Before the NASCAR season started, 7-time champion Jimmie Johnson said he expected Kyle Larson to be a weekly contender.

Before the NASCAR season started, who did seven-time champion Jimmie Johnson expect to be a week-in-week-out contender for wins and a Cup title?

“Kyle Larson,” Johnson told azcentral sports during a Valley visit just before the Daytona 500. “Now that he’s got a taste of winning, I think he’ll be tough.”

Larson, who got his first Cup victory last season at Michigan International Speedway, didn’t win Sunday’s Camping World 500 at Phoenix International Raceway. He finished just .312 second behind Ryan Newman. But he left the Avondale oval as the Monster Energy NASCAR Cup Series leader, six points ahead of Brad Keselowski.

Sure, it’s only four events into the marathon 36-race season. Larson, though, has been consistently at or near the lead in the No. 42 Credit One Bank Chevrolet, fielded by Chip Ganassi, the multi-time Indianapolis 500 and IndyCar Series winning team owner.

Larson, who has permission from Ganassi to still run occasional dirt-track sprint car races, ran out of fuel on the last lap while leading the Daytona 500 and wound-up 12th. PIR was his third consecutive runner-up result, and going back to 2016, his fourth in five starts.

“It means a lot to me to hear a guy like Jimmie say he was going to keep his eye on us,” Larson said. “We’ve just got to keep it going. We’ve never started a year off as good as we have. It makes you work just that much harder to stay this good.

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“I’m super-proud of everybody at our race shop, to build fast race cars and make sure we don’t have any parts failures. They are the reason why we are running as well as we are. If we can just keep doing that, be mistake-free on pit road and on the racetrack, the wins are going to come.”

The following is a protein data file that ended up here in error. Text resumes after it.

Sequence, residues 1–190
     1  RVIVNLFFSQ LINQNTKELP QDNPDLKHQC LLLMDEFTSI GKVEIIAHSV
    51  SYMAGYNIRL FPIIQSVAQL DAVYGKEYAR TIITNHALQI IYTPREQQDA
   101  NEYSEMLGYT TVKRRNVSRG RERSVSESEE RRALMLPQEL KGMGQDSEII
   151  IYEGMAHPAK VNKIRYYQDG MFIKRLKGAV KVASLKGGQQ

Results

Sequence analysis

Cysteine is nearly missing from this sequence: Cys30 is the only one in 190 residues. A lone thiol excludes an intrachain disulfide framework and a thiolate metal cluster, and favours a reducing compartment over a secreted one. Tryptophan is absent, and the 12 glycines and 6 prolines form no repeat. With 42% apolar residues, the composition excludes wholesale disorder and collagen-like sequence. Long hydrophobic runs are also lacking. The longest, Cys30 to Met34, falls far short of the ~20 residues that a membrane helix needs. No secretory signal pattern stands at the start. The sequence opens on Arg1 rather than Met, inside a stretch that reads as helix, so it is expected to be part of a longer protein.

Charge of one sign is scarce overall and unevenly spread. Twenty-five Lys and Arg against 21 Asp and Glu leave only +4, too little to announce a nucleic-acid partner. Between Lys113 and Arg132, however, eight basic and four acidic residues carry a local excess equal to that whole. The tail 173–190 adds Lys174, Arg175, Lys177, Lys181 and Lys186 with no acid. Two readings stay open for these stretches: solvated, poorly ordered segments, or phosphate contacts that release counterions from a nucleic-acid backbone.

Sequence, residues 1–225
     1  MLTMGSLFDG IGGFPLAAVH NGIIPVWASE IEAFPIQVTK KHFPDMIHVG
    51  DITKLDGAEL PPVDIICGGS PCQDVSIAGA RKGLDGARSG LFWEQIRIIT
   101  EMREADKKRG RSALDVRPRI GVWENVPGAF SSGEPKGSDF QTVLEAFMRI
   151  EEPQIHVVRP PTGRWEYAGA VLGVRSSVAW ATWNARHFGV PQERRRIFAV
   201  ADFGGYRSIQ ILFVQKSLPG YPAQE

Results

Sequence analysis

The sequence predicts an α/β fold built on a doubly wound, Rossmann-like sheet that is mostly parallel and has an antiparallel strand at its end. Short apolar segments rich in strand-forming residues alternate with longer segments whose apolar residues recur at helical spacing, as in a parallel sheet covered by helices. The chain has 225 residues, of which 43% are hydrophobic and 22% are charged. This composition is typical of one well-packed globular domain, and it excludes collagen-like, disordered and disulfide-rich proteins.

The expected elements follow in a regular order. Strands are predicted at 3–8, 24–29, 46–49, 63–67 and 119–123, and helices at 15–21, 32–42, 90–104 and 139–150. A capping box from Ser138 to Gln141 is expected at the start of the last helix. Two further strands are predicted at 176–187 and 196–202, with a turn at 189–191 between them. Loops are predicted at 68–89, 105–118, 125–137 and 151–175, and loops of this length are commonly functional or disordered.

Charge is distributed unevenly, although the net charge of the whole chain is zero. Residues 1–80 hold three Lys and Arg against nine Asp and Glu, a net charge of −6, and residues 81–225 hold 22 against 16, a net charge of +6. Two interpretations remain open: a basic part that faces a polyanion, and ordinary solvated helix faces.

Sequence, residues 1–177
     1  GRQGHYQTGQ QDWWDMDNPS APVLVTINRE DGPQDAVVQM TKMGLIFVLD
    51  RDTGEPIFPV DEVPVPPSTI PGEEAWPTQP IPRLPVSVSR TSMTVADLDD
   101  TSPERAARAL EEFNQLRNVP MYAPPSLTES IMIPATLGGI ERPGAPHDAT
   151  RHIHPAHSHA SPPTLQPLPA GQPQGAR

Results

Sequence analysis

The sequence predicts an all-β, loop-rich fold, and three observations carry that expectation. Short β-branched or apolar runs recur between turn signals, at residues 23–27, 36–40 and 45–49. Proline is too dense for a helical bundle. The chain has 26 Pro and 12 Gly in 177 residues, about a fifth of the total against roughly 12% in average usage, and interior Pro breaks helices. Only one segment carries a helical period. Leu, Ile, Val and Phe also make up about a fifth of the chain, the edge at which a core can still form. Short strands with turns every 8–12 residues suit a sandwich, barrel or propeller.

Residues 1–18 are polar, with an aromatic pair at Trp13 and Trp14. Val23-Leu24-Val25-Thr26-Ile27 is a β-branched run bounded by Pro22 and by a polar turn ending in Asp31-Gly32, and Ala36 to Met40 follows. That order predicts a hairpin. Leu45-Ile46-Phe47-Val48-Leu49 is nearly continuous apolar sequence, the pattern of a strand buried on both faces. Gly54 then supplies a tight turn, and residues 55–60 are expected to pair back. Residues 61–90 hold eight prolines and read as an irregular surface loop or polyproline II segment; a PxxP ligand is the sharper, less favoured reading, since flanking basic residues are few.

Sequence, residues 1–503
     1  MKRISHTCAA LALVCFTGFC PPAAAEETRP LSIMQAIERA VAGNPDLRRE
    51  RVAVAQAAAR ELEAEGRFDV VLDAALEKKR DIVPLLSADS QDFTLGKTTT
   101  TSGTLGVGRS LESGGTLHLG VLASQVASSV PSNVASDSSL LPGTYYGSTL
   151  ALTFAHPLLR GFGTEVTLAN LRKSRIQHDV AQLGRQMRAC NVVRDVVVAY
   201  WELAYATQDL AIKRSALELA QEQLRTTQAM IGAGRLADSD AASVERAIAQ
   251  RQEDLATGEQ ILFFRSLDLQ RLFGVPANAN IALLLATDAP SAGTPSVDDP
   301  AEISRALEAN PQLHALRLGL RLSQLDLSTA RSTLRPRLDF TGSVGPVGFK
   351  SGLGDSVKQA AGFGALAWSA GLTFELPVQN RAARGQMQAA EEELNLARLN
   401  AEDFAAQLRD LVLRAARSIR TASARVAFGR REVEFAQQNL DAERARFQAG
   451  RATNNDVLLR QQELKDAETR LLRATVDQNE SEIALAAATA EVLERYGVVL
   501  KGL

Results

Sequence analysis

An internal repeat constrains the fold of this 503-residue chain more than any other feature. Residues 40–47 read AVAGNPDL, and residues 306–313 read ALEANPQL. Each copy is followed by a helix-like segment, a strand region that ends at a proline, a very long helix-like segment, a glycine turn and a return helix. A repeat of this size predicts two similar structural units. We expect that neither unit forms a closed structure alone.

Larson, 24, is Asian-American and the first graduate of NASCAR’s Drive for Diversity program to win rookie of the year in the Xfinity Series (2013) and Cup (2014). He did admit he wished for a re-do on the last restart.

“I should have went a lane up in Turns 1 and 2. I should have known to stay close(r) to Newman.”

NASCAR’s 20-somethings showed their strength again at PIR, surely to the delight of motorsports industry executives striving to attract younger fans. Ricky Stenhouse Jr. (29) finished fourth, reigning Xfinity Series champion Daniel Suarez (25) was seventh, and Erik Jones (20) eighth. Chase Elliott (21) led 106 of the 314 laps, but struggled on restarts and placed 12th.

“The future has never been brighter with all this young talent,” said winning team owner Richard Childress, involved in NASCAR since the 1970s.

Stenhouse gained track position by not pitting on the last caution when pole winner Joey Logano had a flat tire and hit the wall. Crew chief Brian Pattie wanted Stenhouse to stay out while the driver wanted new tires. When Pattie saw how many other cars were pitting, he changed his mind, but it was too late.

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“I think his gut instinct, to stay out, was right,” said Stenhouse, a double Xfinity Series champion and winner in sprint and midget-car dirt-track events, but perhaps best known as Danica Patrick’s boyfriend. “I was hoping I could get to the 31 (Newman), but I didn’t fire-off (restart) as well I wanted. I was really loose.”

Kyle Busch, 31, won the Cup championship two years ago and isn’t part of stock car racing’s Millennial Movement. In the headlines all week after a post-race brawl on the Las Vegas Motor Speedway pit road with Logano’s crew that left him with a bleeding forehead, Busch led laps 196-308 until Logano’s accident, and finished an extremely frustrated and tight-lipped third.

“The car was fantastic on the long runs, especially when we got out in front,” Busch said. “We were in the right position and had a great shot at winning. I knew there was going to be a tire blown (on someone’s car) because we (field) hadn’t made it past 44 laps in any (green-flag) run without one being blown.

“It seems every finish that’s destined for us, we get a worse finish.”

Amazingly, for Larson, second place might seem like a worse finish.